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New Zealand's First Refugees: Pahiatua's Polish Children

A great impression on my life

A great impression on my life

Even though my recollections may not mean much in the overall scale of the Polish children's experiences, they nevertheless made a great impression on my life.

During the 1940s, I lived in New Plymouth with my mother and elder brother. Like most young lads of the time, I was involved in the Scouting movement and it was through this association that I met the Polish children refugees, well 40 of them. Somebody from the Government and Scouts came up with the idea of bringing a group of Polish Scouts from Pahiatua to New Plymouth for a holiday. These boys were billeted among the local families for, what I always hoped would be, a relaxed and happy time.

My mother, an intelligent and compassionate person, ensured that my brother and I understood what the boys had been through and where they had come from. The lad who stayed with us was Stefan Wiśniewski, who was a splendid boy, and as I remember was the saddest person I had ever met. He had a reason of course. A friend down the street billeted a lad who made an impression with the people who met him for his politeness and good humour. This lad was Wiesław Piotrkowski.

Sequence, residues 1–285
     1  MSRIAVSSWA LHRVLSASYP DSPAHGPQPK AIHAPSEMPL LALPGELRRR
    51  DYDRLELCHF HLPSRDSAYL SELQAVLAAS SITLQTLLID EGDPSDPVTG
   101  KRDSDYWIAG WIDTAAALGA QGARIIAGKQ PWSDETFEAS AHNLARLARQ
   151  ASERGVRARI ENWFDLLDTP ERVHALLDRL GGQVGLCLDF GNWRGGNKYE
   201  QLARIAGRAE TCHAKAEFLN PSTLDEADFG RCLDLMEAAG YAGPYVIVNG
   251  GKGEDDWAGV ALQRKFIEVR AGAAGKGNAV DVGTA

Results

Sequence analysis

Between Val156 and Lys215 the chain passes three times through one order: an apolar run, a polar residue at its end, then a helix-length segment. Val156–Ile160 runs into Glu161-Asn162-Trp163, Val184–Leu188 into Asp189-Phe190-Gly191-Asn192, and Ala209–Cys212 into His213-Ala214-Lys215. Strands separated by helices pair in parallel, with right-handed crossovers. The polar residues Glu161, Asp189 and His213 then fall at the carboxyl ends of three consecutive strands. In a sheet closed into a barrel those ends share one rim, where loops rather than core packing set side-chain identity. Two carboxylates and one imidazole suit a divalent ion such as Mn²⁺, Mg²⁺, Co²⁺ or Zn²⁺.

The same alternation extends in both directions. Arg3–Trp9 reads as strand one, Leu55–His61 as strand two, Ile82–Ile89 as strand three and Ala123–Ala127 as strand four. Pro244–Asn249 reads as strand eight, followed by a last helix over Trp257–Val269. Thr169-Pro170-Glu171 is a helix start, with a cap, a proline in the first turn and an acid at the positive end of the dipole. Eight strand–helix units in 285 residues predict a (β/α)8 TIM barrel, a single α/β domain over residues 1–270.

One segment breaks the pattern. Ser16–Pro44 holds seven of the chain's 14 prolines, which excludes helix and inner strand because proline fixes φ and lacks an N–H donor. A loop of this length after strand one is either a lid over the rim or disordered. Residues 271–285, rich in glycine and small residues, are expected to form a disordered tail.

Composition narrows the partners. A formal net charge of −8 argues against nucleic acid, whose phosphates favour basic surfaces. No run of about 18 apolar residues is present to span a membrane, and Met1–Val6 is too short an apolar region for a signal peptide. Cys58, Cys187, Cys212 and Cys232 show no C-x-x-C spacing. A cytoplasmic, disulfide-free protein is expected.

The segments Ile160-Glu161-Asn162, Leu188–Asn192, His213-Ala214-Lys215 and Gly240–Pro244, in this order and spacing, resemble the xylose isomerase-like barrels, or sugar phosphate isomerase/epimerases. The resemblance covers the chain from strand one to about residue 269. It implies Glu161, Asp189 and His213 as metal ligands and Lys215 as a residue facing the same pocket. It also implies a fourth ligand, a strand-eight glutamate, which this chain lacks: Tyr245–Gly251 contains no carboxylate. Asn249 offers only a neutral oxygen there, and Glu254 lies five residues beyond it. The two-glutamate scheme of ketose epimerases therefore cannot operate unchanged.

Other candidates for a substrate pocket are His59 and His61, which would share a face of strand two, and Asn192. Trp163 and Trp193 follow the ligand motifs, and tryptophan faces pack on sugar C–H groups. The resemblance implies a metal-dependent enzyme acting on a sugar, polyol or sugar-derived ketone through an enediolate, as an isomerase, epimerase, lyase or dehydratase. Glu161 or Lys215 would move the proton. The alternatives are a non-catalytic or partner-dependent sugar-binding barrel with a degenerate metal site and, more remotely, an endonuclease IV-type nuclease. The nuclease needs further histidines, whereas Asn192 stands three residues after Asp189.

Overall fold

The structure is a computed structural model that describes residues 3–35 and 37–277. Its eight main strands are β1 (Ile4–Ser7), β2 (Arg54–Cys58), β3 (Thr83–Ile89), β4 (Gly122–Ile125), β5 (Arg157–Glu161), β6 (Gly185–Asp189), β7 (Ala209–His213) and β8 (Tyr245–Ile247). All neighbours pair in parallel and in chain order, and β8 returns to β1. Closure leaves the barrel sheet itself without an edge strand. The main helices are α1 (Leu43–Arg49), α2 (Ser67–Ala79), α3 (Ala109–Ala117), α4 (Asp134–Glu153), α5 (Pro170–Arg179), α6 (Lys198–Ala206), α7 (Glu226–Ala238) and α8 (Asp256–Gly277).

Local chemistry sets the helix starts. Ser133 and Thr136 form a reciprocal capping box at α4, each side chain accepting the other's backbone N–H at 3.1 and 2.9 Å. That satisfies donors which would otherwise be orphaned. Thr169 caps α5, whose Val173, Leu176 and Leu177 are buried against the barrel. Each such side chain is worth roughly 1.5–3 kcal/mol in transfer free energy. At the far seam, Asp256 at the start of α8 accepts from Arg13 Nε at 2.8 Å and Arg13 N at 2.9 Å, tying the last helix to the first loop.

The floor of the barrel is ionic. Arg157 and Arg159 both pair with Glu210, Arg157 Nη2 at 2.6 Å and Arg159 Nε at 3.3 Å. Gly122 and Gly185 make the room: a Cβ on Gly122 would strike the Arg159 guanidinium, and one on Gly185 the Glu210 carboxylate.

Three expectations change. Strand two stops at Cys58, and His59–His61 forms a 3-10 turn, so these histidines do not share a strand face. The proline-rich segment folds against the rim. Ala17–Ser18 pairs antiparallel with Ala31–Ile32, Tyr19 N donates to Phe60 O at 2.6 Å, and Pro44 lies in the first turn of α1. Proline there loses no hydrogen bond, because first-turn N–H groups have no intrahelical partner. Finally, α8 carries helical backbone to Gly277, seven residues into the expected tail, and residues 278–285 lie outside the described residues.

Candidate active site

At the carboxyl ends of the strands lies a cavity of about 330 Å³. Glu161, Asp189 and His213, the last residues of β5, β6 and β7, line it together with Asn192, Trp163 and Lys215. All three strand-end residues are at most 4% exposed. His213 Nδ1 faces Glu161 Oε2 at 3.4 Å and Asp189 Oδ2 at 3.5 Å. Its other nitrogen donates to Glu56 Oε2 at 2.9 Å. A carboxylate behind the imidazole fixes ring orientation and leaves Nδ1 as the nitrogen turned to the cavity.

Some years ago, I read a newspaper article written by Stefan of his life and experiences. I was delighted to know that he had settled here and made a life for himself after such a tragic beginning. The Polish lads had Mrs Kozera with them as their mentor. She was a charming and charismatic person who had the misfortune to be knocked down by a car, breaking her leg. On a visit to the hospital, the boys sang the Polish national anthem to her. It was the first time I had heard it. That tune still brings tears to my eyes.

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